OTTAWA — Canada’s Minister of Agriculture and Agri-Food Marie-Claude Bibeau yesterday announced a $30-million top-up for the Emergency Food Security Fund, which supports food banks. The extra money puts taxpayers’ expenditure on the program at $330 million so far during the pandemic.
The additional dollars are being pumped in amid increased demand and fewer resources faced by food banks and local food organizations, as a result of the COVID-19 pandemic. Food insecurity rates increased over the pandemic, according to the government, with one in seven Canadian households experiencing that reality over a one-month period during the pandemic.
Funding will be divided between Food Banks Canada, Second Harvest, Breakfast Club of Canada, Community Food Centres Canada, The Salvation Army, and La Tablée des Chefs, who in turn will continue their work to distribute it to thousands of local food organizations across Canada. Local organizations will use the funding to purchase and distribute food and other basic necessities to meet the emergency needs of the most vulnerable people. They may also hire temporary help to cope with volunteer shortages and adapt operations to help keep workers, volunteers and recipients safe.
Since it was launched in the opening months of the pandemic, the Emergency Food Security Fund has supported more than 5,000 local food initiatives across Canada, with over 1,100 initiatives directly supporting Indigenous organizations and communities. The Fund has helped to serve healthy, nutritious and culturally diverse meals to millions of people in Canada.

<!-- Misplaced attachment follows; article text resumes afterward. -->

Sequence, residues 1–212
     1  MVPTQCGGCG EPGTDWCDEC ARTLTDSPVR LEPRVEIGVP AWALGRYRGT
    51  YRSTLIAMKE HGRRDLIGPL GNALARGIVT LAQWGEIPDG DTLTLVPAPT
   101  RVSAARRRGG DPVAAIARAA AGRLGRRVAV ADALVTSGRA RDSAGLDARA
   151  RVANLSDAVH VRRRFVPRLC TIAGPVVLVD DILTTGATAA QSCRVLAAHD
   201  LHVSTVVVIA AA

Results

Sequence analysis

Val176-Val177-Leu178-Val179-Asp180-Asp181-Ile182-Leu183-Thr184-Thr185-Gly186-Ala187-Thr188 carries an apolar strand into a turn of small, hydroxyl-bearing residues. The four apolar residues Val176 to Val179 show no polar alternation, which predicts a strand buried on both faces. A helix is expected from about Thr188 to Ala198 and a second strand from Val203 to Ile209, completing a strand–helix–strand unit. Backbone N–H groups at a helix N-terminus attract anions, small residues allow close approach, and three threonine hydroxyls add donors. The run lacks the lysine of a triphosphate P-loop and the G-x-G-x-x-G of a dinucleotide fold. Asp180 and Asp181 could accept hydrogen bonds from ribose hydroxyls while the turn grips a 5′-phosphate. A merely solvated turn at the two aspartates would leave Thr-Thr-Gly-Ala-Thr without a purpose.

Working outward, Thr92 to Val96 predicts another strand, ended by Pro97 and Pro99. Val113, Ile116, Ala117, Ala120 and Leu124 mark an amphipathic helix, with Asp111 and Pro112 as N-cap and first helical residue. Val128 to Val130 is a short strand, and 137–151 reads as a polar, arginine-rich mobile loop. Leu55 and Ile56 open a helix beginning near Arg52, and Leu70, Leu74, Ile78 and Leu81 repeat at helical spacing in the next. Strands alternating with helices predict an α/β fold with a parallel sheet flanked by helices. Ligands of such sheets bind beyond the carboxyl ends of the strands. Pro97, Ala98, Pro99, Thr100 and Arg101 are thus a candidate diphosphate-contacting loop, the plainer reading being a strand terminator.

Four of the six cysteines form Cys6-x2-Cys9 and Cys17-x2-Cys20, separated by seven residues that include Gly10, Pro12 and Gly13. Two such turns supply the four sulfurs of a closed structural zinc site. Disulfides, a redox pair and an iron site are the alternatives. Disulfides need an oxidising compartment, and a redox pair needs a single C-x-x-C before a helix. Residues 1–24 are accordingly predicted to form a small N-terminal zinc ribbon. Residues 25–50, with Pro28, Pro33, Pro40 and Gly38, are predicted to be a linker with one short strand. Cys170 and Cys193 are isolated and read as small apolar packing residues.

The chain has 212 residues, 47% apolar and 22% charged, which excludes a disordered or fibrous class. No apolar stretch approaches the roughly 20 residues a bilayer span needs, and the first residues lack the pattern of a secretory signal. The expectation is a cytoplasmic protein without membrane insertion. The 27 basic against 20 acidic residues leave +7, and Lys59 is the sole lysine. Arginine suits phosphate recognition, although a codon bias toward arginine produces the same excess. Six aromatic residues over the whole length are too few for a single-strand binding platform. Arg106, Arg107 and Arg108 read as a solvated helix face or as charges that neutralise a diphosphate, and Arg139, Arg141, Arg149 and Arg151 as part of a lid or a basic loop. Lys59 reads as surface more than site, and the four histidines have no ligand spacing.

Emergency Food Security Fund recipients will use a portion of the funds to purchase surplus PEI potatoes and redistribute them to local food serving organizations who have expressed the need for this commodity.
“Canada’s food banks and local food organizations have done tremendous work over the past year, as the pandemic continues to worsen food insecurity across Canada. Our government is committed to making sure they receive our support so they can continue to put more food on the table for vulnerable Canadians,” Bibeau said.
Interim Food Banks Canada CEO David Armour expressed his gratitude for the support. “These funds will help food banks from coast to coast to coast provide healthy, nutritious food as the need for their services rises across the country,” he said.
The top-up for the EFSF is part of the additional $140 million outlined in Budget 2021 to help emergency hunger relief organizations meet increased demand and provide nutritious food to more Canadians.